I have inherited some legacy Java code that needs to be updated to a new release in the near future. I am looking for opinions to see if my migration strategy sounds reasonable and to hear from anyone who might have any alternative suggestions or useful comments. I have read all sorts of language compatibility summaries, but I haven't come across anything that relates on how I might best approach a migration having to do with more than one box/server.
Java X is the version of Java that I inherited
Java Y is the version of Java that we would like to migrate to in the very near term
Java Z is the version of Java that is the next major release after Java Y
At this time, Java Z does not appear to be an option. We plan to remove some current dependencies after the update to Java Y. These dependencies are currently preventing us from updating to Java Z.
Our version control system has the following stages, each stage with its own server.
Dev --> Unit --> System --> Qual --> Production
When code is moved from one stage to the next, a build and redeploy will eventually take place on that server. All servers are currently running Java X.
As a first step, I wanted to see what kind of problems we might run into with the update. So, I updated my developer box to Java Y and testing seems to be going well. Now, what might be the best approach going forward?
My gut feeling is that we should update the Dev server to use Java Y, then test, then upgrade the next server -- as long everything still looks good (rather than update all of the servers to Java Y at one time). My initial plan is for the other developers to remain on Java X until the migration has completed -- through production. My reasoning is that this avoids potential incompatibilities having to do with any of the newly added language features until our Java Y roll-out is complete. Then, once the other developer boxes are updated, they would be on the same Java Y version that all of our servers are running.
Does this sound like a reasonable plan? Is there anything in particular I need to be watching out for? I'm open to all suggestions, other than "just jump straight into Java Z"... that just isn't an option for now.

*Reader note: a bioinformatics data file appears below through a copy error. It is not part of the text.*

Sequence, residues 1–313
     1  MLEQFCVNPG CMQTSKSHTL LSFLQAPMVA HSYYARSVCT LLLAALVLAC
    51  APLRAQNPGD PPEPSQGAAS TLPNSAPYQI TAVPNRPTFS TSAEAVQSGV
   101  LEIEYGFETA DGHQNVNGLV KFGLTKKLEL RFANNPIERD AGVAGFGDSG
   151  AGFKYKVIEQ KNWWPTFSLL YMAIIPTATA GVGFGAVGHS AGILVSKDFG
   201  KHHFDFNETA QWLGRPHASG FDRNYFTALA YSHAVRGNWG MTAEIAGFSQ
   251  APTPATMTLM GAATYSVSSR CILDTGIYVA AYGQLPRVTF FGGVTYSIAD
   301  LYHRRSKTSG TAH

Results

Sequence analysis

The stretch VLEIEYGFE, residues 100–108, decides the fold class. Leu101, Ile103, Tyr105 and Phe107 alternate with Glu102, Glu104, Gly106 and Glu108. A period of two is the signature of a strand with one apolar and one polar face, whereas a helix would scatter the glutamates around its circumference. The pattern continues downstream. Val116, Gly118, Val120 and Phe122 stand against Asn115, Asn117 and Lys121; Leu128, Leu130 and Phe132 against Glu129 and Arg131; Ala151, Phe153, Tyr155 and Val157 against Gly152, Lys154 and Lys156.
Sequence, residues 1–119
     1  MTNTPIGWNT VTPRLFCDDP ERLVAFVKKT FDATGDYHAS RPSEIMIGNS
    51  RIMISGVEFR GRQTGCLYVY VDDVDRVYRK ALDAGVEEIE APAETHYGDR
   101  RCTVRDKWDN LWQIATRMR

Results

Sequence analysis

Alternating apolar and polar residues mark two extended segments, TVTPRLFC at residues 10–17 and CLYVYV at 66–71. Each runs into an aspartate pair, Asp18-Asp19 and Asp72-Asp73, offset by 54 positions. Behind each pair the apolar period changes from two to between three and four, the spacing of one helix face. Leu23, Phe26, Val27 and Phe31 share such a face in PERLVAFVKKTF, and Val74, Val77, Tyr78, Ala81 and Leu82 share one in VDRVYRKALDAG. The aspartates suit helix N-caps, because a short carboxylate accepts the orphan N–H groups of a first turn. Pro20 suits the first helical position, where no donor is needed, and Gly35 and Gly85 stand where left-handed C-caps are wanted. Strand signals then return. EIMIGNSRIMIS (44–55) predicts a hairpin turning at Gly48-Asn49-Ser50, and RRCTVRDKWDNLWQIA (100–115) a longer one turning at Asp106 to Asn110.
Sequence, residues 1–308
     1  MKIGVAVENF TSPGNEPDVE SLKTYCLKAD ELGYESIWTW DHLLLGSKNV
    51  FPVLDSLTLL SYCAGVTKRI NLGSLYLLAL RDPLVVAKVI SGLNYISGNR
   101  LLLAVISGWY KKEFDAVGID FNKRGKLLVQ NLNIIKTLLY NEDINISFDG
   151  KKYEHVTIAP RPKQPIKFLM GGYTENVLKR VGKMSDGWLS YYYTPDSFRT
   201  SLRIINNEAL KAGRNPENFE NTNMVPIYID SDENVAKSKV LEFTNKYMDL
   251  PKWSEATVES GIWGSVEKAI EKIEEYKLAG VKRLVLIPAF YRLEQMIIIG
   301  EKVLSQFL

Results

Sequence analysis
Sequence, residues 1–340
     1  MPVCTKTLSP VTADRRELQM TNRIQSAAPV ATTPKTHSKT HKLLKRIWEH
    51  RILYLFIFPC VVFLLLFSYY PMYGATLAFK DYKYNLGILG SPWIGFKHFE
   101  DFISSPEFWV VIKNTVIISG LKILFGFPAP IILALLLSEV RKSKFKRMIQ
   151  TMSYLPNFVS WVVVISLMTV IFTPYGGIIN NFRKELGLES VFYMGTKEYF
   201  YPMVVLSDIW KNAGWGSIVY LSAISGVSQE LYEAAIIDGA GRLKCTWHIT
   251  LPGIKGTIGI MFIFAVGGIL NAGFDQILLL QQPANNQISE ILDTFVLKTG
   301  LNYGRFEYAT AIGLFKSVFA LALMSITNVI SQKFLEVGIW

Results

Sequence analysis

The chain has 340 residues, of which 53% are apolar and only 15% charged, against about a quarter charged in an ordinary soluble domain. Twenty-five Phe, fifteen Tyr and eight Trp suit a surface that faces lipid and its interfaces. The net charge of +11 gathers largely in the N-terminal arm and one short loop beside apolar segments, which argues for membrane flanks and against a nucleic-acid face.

Your approach is fine but where are your test cases ?
I have migrated java web projects from Java 1.3 to Java 7. My past experience says that having good test cases [ and it coverage] is alwasy better as it gives confidence that app is working fine after java migration.
Make sure that you write test cases to achieve 100% [ if not 100% , go as closer as you can ] code coverage. Cobertura is the tool to find code coverage.
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Robert Eugene wrote:Does this sound like a reasonable plan?
Yup. And it's very good that you're thinking about it.
Another alternative that might be worth considering, especially if Java Y is a "stable" release: Work backwards - ie, change your production environment first and then work backwards through your staging systems.
It sounds counter-intuitive, but it can work very nicely if you already have test rigs in place specifically for testing version changes - ie, testing that the system still works the way it's supposed to on a new release ("friendly beta" users can also be a huge help for these sorts of situations) - the reason being that "production" is usually the most stable and "tested" part of your environment to begin with, so you don't have to worry about being bombarded with untested updates while you're doing your release testing.
And while that's going on, or even after the changeover, there's generally no problem with migrating from one of your other areas (on an earlier release) because Java versions are (with very few exceptions that I know of) backwards-compatible.
Also: assuming that the testing you do for your production environment is the most thorough, it paves the way for a smooth transition for your other areas; since you already know that most of the testing has been done at the "sharp end" - a form of quality assurance if you like.
A warning though: it's not the "standard" approach, so you may find that you have a bit of a learning curve.
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